A Black Hole is Savoring its Meal, Feeding on the Same Star Over and Over Again

This illustration shows a glowing stream of material from a star, being devoured and torn to shreds by a supermassive black hole. Credit: NASA/JPL-Caltech

Something extraordinary happens about every 10,000 to 100,000 years in galaxies like the Milky Way. An unwary star approaches the supermassive black hole (SMBH) at the galaxy’s center and is torn apart by the SMBH’s overpowering gravity. Astronomers call the phenomenon a tidal disruption event (TDE.)

Usually, a TDE spells doom for the star as its gas is torn away into the black hole’s accretion ring, causing a bright flaring visible for hundreds of millions of light years. But researchers have found one black hole that’s playing with its food.

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What Does it Take to Make Black Holes Collide?

Simulation of the emitted light from a supermassive black hole binary system. (Credit: NASA’s Goddard Space Flight Center)

In a recent study published in Astronomy and Astrophysical Letters, a team of researchers at the Massachusetts Institute of Technology (MIT) used various computer models to examine 69 confirmed binary black holes to help determine their origin, and found their data results changed based on the model’s configurations, and the researchers wish to better understand both how and why this occurs and what steps can be taken to have more consistent results.

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Webb’s New Image Reveals a Galaxy Awash in Star Formation

This JWST image shows NGC 7469, a luminous, face-on spiral galaxy approximately 90 000 light-years in diameter that lies roughly 220 million light-years from Earth in the constellation Pegasus. Image Credit: ESA/Webb, NASA & CSA, L. Armus, A. S. Evans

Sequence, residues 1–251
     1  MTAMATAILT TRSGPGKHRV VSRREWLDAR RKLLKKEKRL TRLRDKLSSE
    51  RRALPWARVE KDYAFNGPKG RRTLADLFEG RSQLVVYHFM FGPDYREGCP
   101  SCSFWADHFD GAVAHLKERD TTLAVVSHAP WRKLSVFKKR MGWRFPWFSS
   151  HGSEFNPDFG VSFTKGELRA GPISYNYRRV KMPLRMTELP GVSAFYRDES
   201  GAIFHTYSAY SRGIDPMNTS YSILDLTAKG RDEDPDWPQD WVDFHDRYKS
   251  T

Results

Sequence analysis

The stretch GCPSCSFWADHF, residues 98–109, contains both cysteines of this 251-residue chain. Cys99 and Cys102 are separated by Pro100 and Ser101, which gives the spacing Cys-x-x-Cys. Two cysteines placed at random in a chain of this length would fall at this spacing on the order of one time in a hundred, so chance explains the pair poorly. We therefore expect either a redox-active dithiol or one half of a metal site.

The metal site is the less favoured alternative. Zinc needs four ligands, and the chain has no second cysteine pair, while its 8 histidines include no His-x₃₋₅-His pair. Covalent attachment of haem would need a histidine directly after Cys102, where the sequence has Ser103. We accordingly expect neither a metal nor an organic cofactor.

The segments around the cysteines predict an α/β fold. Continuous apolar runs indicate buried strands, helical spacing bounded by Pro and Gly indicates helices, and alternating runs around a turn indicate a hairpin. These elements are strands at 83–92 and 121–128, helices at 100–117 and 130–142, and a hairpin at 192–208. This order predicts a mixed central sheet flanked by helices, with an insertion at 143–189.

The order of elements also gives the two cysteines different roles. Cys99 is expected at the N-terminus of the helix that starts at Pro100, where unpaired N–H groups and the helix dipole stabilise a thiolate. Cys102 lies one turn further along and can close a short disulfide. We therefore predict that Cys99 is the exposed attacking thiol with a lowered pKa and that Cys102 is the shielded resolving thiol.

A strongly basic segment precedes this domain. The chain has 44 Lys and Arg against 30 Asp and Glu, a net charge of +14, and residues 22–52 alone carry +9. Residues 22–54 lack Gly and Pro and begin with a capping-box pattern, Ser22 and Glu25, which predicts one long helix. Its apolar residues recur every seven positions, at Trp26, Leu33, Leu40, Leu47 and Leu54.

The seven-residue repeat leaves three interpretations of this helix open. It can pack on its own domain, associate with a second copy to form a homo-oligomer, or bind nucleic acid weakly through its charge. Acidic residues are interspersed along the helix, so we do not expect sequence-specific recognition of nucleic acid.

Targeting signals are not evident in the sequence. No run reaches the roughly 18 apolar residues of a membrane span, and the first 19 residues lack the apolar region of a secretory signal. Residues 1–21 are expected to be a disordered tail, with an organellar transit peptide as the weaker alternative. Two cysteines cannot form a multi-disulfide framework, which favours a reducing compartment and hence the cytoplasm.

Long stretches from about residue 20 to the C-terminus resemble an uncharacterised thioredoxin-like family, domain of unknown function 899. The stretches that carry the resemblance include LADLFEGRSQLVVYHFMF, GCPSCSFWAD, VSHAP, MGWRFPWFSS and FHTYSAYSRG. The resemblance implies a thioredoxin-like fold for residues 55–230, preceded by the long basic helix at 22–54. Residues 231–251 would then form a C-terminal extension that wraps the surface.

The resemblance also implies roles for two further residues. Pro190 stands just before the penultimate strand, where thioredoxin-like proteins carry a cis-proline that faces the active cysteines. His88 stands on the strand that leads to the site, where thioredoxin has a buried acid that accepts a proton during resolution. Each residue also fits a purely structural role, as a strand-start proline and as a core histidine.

When a spiral galaxy presents itself just right, observations reveal more detail. That’s the case with NGC 7469, a spiral galaxy about 220 million light-years away. It’s face-on towards us, and the James Webb Space Telescope captured its revealing scientific portrait.

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A Star Came too Close to a Black Hole. It Didn’t End Well

A disk of hot gas swirls around a black hole in this illustration. The stream of gas stretching to the right is what remains of a star that was pulled apart by the black hole. A cloud of hot plasma (gas atoms with their electrons stripped away) above the black hole is known as a corona. Credits: NASA/JPL-Caltech

Black holes are confounding objects that stretch physics to its limits. The most massive ones lurk in the centers of large galaxies like ours. They dominate the galactic center, and when a star gets too close, the black hole’s powerful gravitational force tears the star apart as they feed on it. Not even the most massive stars can resist.

But supermassive black holes (SMBHs) didn’t start out that massive. They attained their gargantuan mass by accreting material over vast spans of time and by merging with other black holes.

There are large voids in our understanding of how SMBHs grow and evolve, and one way astrophysicists fill those voids is by watching black holes as they consume stars.

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Black Holes Shouldn’t be Able to Merge, but Dozens of Mergers Have Been Detected. How Do They Do It?

black holes in a globular cluster
This is an artist’s impression created to visualize the concentration of black holes at the center of globular cluster NGC 6397. Credit: ESA/Hubble, N. Bartmann